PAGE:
Use a spirit level and if there are any uneven areas, create a smooth surface ready for tiling with a mortar and trowel. For wooden staircases, Simon Reading also recommends adding backer boards to each step. ‘Tape each joint and then tile over the boards. This is because wood can expand over time, so the grout is more likely to crack if you tile on top of natural wood,’ he says.
4. Apply adhesive
First, add a few drops of water with a wet sponge to the tile adhesive to help it bond to the staircase. Don’t add too much though. Next, using the flat edge of a notched trowel, apply a layer of adhesive to the surface of the stair.
‘Create a semi-circle to ensure an even and consistent layer of adhesive,’ says Simon Reading, ‘And be sure to cover a wider space than the tile itself of around two inches, as this will allow you to correct any misjudgements. Once you have applied this even layer, you can then move on to use the comb side of the trowel to help ensure the adhesive is even while also allowing it to better bond to the tile.’
5. Lay the tiles
Have your tiles ready, including any cut ones, so that you can crack on without any interruptions and prevent the adhesive drying out before you’ve finished. Use the spirit level to make sure all tiles are straight and even. You can use a rubber hammer and tap gently for any tiles that aren’t even. Don’t tap too hard as this will crack the tiles.
‘Mark a middle point on every riser and work from the centre outwards - use your trowel to apply adhesive to the back of the tiles and apply to the riser, lining the upper edge of the tile flush with the edge of the stair tread,’ advises Harriet Goodacre. ‘Next, apply the tiles to the stair tread, lining up the tile so it’s flush with the edge of the riser tile. Finally, place the tile on a bed of adhesive, press down and slide into place to ensure the adhesive sticks properly. Use a spirit level to ensure it’s even and flat, then insert a tile spacer in between each tile for even spacing.’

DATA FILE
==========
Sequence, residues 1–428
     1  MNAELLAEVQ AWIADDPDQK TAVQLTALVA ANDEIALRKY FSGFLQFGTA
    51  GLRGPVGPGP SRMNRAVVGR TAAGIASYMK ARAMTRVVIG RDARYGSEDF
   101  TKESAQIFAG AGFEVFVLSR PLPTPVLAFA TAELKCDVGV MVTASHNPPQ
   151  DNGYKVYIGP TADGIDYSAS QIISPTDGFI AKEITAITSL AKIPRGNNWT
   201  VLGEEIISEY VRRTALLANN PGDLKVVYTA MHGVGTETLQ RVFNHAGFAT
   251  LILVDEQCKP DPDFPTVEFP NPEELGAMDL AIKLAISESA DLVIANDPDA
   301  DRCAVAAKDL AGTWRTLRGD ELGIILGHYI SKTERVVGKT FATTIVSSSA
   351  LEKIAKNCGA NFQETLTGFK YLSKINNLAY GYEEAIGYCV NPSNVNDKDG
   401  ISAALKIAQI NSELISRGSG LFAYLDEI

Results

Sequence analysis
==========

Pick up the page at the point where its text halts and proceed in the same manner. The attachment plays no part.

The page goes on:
5. Finish with grouting
Once you’ve finished tiling and the adhesive is dry, you can move on to the grouting between the tiles. This will help to keep them in place. Take the grout float to smooth out the grout over the gaps and press firmly into each joint. Once it’s set, wipe the surface with a damp cloth the remove any excess. Leave for 24 hours for everything to set fully then finish with a final wipe down with a damp cloth.
Which tiles are good for stairs?
Porcelain is the most recommended tile for stairs. This is because it’s a material which is strong, hardwearing and will last a long time. There are all sorts of decorative patterned designs to choose from, as well as timber and stone lookalikes that can be matched with flooring in the hallway and downstairs area for a cohesive look.
How do I tile a bullnose staircase?
For this type of staircase, you’ll need enough bullnose tiles for all the outer edges of the stair treads as well as tiles for the treads and risers. Tile the bullnose first then the tile between the bullnose and riser and then the riser pieces. Use tile spacers to help.
Hayley is an interiors journalist, content provider and copywriter with 26 years experience who has contributed to a wide range of consumer magazines, trade titles, newspapers, blogs and online content. Specialising in kitchens and bathrooms, she has twice won the CEDIA Award for Best Technology feature. Hayley writes for H&G about kitchens, bathrooms, cleaning, DIY and organizing.